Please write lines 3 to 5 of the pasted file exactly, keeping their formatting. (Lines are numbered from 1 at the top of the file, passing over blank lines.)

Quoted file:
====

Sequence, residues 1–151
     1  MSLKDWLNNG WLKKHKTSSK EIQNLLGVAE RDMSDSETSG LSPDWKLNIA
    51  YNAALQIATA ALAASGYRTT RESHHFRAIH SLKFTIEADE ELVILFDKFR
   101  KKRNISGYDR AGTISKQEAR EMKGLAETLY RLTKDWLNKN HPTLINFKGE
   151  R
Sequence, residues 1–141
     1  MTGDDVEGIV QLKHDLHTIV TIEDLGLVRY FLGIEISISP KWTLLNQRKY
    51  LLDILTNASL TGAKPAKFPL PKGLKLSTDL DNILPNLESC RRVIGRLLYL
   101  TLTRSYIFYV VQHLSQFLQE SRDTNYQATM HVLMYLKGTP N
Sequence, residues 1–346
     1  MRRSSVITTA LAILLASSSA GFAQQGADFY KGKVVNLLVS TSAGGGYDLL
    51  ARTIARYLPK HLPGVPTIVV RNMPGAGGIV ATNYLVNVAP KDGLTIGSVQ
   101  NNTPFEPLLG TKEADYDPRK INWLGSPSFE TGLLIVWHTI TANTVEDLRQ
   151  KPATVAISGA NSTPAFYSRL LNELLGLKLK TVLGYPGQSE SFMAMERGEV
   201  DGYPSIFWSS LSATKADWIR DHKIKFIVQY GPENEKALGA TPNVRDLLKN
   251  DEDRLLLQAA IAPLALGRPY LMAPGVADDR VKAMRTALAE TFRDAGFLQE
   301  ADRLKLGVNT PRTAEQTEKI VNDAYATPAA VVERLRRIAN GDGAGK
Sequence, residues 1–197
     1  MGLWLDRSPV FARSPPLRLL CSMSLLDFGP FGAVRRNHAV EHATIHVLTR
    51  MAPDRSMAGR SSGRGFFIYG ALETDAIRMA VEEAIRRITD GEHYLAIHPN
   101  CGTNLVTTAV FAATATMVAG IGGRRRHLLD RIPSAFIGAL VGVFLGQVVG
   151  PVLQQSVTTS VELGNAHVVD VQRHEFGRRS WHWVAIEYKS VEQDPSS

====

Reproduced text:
    51  YNAALQIATA ALAASGYRTT RESHHFRAIH SLKFTIEADE ELVILFDKFR
   101  KKRNISGYDR AGTISKQEAR EMKGLAETLY RLTKDWLNKN HPTLINFKGE
   151  R